I had no idea when we left my boyfriend’s house in the seasonally recreational town of Government Camp on the side of Mt. Hood that we would end our evening at the highest point on the mountain reachable by trail, which explains why I ended up there with him, wearing a pair of old sneakers I had retired from anything but casual physical activity and without my camera.
Normally, I grill Eric before we embark on hikes we’ve never done before, wanting to know the exact distance, elevation gain and loss, and estimated total trek time, but my new exercise regimen—and resulting increase in muscle and strength—temporarily clouded my neurotic urge to know the details of everything I am going to do before I actually do it.
“I want to go to the Cloud Cap Inn,” he tells me on the phone a few days prior.
“That sounds nice,” I say. “Let’s go.”
It is a part of the mountain that neither of us have ever been to before, which is increasingly rare since Eric has called this place home for almost three years. He moved to Government Camp after landing a job managing a ski cabin for a Portland area college, a mere few weeks after we initially began dating. Since then we have each worn deep grooves in the journey from Portland to Government Camp and vice versa.
The hour-and-fifteen-minute drive, which snakes you through the outskirts of sprawling Gresham, then through the quaint, rural town of Sandy, and finally through a series of tiny towns so small I did not even realize they were considered towns until very recently, has become automatic and routine for both of us. The drive becomes more complicated for me and my 16-year-old Honda for 9 months out of the year, when the road through the mountain pass develops a thick layer of dirt-encrusted snow and ice, but for now, it is simple. I can drive all the way up to his house and park in his driveway without chains or 4-wheel drive. It is summertime, and we are ready to explore the parts of the mountain normally encased in snow.
Driving to the Cloud Cap Inn takes longer than I imagined, a true harbinger for what was to come. We take highway 26 to 35 toward Hood River, on the other side of the mountain. Eventually we turn off highway 35 and start creeping up a winding road. Every few miles enormous ruts in the road cause Eric to slow down to a crawl in his Subaru before slowly inching the vehicle down the rut and then back up and out of it. We are gaining elevation. Eric tells me that the ruts are there to allow the spring snow melt to drain. After an hour of slow and strenuous driving, we reach the Inn.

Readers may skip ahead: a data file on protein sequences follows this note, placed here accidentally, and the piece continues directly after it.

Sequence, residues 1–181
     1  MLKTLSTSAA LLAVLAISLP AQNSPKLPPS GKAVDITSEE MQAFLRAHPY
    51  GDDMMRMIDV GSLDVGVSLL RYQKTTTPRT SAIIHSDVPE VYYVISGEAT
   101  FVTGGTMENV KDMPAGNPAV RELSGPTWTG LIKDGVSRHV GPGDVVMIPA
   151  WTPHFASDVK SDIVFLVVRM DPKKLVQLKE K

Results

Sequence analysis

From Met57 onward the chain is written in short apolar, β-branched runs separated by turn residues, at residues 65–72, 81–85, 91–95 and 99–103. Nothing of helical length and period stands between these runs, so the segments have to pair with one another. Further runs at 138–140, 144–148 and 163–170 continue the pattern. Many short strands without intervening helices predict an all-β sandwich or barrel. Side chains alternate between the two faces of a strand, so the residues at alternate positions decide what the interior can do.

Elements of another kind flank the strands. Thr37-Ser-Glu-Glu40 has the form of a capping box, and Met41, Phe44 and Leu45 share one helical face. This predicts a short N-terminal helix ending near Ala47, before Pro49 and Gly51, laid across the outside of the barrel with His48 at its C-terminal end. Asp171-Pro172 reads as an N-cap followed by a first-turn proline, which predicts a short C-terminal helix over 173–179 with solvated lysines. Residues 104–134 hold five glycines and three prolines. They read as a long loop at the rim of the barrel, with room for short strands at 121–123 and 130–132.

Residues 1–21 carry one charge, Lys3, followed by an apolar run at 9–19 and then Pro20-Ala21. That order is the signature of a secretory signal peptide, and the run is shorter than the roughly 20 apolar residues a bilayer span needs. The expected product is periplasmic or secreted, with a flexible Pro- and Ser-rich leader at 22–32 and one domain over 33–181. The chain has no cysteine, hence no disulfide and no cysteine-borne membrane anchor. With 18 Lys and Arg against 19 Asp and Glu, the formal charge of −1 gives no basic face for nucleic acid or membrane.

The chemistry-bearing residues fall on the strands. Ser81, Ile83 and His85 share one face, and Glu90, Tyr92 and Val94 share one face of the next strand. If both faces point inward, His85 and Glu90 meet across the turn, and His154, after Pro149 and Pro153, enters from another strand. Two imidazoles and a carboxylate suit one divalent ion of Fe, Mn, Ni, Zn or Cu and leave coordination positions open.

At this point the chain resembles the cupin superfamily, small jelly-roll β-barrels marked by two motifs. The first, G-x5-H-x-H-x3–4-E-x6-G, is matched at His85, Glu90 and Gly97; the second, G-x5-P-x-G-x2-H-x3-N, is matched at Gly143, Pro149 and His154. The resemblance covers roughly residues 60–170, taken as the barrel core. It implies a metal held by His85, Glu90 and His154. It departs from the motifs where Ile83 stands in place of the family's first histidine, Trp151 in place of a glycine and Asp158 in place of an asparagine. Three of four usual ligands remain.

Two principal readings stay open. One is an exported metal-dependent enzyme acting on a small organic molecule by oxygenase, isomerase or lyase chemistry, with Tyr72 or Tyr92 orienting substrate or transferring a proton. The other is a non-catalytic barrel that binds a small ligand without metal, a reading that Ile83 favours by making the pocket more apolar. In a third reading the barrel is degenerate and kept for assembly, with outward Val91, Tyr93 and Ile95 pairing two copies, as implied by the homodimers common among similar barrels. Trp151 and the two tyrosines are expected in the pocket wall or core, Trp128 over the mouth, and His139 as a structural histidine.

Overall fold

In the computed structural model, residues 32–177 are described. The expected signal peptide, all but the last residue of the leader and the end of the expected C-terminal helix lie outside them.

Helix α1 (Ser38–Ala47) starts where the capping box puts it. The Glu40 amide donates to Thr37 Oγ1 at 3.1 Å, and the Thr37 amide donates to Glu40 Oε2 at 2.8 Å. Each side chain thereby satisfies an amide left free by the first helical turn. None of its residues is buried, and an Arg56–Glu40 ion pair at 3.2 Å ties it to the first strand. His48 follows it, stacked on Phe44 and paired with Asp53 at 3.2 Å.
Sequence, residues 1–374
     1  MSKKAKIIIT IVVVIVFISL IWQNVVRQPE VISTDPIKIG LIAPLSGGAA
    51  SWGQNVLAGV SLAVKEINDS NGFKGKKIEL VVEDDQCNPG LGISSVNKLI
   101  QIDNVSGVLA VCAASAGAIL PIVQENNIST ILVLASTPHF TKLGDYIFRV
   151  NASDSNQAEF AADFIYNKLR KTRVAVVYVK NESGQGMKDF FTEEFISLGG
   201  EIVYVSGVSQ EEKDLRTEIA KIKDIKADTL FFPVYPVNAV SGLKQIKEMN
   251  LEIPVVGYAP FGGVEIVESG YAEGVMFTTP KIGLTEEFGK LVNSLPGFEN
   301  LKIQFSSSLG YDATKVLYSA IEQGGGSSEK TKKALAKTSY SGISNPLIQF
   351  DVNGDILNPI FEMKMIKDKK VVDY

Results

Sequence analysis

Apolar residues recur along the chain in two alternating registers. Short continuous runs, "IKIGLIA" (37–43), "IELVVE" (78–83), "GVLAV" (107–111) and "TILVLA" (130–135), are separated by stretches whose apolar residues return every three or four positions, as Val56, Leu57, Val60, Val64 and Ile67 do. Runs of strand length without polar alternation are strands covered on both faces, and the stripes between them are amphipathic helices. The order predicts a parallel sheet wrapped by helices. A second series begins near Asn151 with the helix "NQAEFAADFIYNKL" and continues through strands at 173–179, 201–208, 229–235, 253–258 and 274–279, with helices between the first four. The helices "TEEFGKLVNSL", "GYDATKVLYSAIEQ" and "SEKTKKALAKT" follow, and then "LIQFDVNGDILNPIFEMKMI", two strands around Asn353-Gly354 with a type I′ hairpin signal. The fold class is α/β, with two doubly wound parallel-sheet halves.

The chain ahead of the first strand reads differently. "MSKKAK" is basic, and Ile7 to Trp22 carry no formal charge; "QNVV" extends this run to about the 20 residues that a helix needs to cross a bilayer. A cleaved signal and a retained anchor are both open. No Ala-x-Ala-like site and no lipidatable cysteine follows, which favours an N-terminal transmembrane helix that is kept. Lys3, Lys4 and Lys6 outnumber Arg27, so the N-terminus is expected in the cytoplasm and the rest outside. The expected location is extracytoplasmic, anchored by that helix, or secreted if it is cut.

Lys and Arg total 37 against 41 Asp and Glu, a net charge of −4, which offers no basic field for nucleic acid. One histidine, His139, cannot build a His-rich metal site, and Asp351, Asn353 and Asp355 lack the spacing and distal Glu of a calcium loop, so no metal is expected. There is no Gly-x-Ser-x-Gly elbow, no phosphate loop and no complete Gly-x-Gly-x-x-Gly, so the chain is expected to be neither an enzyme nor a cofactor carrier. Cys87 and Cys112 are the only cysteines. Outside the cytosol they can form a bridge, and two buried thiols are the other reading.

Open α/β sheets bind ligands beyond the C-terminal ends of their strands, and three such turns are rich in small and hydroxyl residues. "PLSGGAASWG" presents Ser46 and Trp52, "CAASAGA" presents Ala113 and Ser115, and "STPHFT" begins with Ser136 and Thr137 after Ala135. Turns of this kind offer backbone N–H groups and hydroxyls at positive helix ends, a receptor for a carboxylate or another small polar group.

The Inn looks improbable, nestled into a nook just above the tree line, made of sun-bleached logs and wooden shingles. It stands on volcanic ash, surrounded by small trees and shrubs in a barren alpine landscape, which makes it seem vulnerable to fire and storms. I am surprised it is still standing. The Cloud Cap Inn was built in 1889, and after changing hands for several years during the 1930’s and 40’s, it finally landed in the safety of a mountaineering club called the Crag Rats, who continue to maintain and operate the Inn today, using it as a base for snow surveys and climbs.
Although the Inn is closed to the public, we happened to be there on a Sunday when the Inn was open. We missed the tail end of a guided tour, but showed ourselves around anyway, ambling through rooms stacked high with bunk beds, duffel bags of climbing gear shoved into the corners. Two gigantic pots rested on the counter of the kitchen, a wood stove tucked in the corner. And of course, the heart of the Inn—an enormous fireplace opening up into a large room with a long picnic table-like dining table. Climbing gear and several group pictures of the Crag Rats in their signature plaid shirts hung from the exposed beams.
Eric and I stop in to the restroom then step out of the lodge into the sun. It is a perfect day—blue skies and temperate, with just a few fluffy white clouds floating by. Eric wants to hike to Cooper Spur, locating the trailhead just outside the Cloud Cap Inn, and after an hour and a half of driving and another thirty minutes spent checking out the lodge, we are finally ready to start hiking. We start up the trail, not realizing that we can already see our destination, jutting abruptly out of the side of Mt. Hood, 8,500 feet in the air.